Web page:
The Louisville, Kentucky-based company said it now expects full-year North America comparable sales to decline in the range of 6.5 percent to 8.5 percent, compared to a prior outlook for a 7 percent to 10 percent decline. Papa John's has been trying to rebound after battling with its founder John Schnatter over control of the company. Schnatter was booted as chairman following his usage of a racial slur during a conference call in July.
Papa John's continues to struggle with the fallout from its founder's noisy departure, but its CEO says a new ad campaign is helping turn things around. A spokesman said he had no comment on Tuesday.
Papa John's (PZZA) delivered earnings and revenue surprises of -13.04% and -5.32%, respectively, for the quarter ended September 2018. Do the numbers hold clues to what lies ahead for the stock?
Key InsightsDisputes related to founder John Schnatter have sapped momentum this year. The chain has been fighting back with more ads and discounts, and executives said it will test more value offers in the fourth quarter.The company said it’s increasing its financial commitment to franchisees who are suffering sales losses, giving them more marketing funding and royalty reductions. As of Tuesday’s close, Papa John’s had lost 4.7 percent this year.For more on the results, click here.
Papa John's International Inc on Tuesday reported a smaller-than-expected decline in quarterly comparable sales in North America, helped by new advertising and rebranding as it tries to recover from bad publicity stemming from an acrimonious split with its founder. The company also said it now expects full-year North America comparable sales to decline in the range of 6.5 percent to 8.5 percent, compared to a prior outlook of 7 percent to 10 percent fall. The company is trying to rebound after battling with its founder John Schnatter over control of the company.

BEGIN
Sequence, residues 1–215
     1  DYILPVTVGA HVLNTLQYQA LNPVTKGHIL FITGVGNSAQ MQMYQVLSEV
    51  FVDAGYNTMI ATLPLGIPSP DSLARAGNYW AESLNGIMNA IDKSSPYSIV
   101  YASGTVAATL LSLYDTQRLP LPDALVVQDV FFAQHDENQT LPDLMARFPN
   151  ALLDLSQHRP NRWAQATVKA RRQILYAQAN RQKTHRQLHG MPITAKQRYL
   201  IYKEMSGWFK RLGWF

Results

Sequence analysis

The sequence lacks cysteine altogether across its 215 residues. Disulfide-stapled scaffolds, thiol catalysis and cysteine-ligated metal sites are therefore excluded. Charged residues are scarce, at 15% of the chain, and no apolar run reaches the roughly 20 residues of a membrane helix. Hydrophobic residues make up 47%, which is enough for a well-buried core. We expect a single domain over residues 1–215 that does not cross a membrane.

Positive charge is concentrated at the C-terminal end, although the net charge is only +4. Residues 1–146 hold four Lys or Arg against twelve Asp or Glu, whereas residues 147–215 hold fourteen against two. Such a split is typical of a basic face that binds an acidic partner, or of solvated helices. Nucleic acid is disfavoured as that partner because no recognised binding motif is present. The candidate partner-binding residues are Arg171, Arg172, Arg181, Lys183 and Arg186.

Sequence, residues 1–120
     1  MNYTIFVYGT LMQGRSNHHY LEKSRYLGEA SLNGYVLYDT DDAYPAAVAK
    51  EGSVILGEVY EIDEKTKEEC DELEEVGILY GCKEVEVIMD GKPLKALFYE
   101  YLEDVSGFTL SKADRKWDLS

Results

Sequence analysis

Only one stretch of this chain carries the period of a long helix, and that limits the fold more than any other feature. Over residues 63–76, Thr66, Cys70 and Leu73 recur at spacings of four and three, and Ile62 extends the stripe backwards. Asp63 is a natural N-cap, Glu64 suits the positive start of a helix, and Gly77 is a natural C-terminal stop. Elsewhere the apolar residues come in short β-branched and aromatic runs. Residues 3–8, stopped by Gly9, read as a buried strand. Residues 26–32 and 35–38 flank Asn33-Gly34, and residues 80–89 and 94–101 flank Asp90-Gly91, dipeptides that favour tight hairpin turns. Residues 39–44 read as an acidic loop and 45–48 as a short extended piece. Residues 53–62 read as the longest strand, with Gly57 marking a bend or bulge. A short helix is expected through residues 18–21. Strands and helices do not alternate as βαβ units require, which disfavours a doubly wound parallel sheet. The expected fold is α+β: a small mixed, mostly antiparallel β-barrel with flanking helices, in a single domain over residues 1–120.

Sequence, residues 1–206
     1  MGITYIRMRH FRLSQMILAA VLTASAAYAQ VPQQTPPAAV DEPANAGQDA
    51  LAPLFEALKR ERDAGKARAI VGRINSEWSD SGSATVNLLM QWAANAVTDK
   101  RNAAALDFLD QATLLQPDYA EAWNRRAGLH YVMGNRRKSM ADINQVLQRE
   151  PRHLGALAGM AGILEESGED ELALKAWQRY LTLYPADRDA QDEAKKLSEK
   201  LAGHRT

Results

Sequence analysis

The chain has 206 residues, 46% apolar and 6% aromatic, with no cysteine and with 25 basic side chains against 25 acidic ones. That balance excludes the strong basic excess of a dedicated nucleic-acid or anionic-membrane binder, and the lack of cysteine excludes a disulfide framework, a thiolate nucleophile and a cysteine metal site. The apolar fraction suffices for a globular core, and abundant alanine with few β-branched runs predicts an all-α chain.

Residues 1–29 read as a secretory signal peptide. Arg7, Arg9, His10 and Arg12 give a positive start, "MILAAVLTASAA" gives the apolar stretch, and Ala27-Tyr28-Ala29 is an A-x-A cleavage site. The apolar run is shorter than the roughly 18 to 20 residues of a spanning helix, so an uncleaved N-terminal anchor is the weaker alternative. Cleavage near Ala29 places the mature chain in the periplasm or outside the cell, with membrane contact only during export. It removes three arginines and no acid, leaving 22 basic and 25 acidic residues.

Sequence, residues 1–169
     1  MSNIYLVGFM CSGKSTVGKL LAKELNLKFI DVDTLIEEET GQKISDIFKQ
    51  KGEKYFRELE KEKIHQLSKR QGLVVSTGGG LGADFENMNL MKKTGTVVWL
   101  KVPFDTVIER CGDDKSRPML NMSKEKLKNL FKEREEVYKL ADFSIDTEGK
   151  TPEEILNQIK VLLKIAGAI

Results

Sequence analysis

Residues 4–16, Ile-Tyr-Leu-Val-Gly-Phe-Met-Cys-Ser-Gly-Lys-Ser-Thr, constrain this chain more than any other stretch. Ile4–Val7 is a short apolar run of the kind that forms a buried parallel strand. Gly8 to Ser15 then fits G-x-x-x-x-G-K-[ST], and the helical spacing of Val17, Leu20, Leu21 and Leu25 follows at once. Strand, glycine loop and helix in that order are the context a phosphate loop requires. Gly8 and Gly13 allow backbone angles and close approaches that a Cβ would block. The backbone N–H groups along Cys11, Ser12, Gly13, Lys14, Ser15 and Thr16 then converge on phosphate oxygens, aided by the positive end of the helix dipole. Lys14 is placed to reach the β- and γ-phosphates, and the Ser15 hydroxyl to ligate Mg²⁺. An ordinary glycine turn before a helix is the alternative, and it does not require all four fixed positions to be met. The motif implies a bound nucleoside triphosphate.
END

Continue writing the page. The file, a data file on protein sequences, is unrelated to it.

Papa John's reported disappointing third-quarter earnings and revenue, but sales in North America were slightly better than anticipated by Wall Street.
Papa John's reported earnings that missed Wall Street expectations after the markets closed Tuesday. The company spent millions during the period to repair its tarnished image. Papa John's same-store sales were a bright spot in otherwise disappointing earnings.
The company is widely expected to deliver terrible earnings Tuesday night that show a continued slide in pizza sales, a steep drop in profit and trouble with its franchise owners during the third quarter — making finding a potential buyer all the more difficult.
Papa John's International Inc. adopted a plan Friday that gives top executives a substantial severance package if they are terminated in the event of a buyout — also known as a golden parachute. The plan, formally called a change-of-control severance plan, was approved by the compensation committee of the Papa John's (Nasdaq: PZZA) board of directors, and it went into effect last Thursday. A golden parachute is often adopted when a company is likely to be bought out by another firm.
Papa John's (PZZA) higher costs, soft comps trend and a challenging sales environment are likely to reflect on third-quarter 2018 earnings.
One of the best stocks to buy amid a market crash is a company that’s levered toward an indispensable industry. A prime example is Walgreens Boots Alliance (NASDAQ:WBA). Fortunately for WBA stock, this is a case where the fundamentals are well represented in the markets.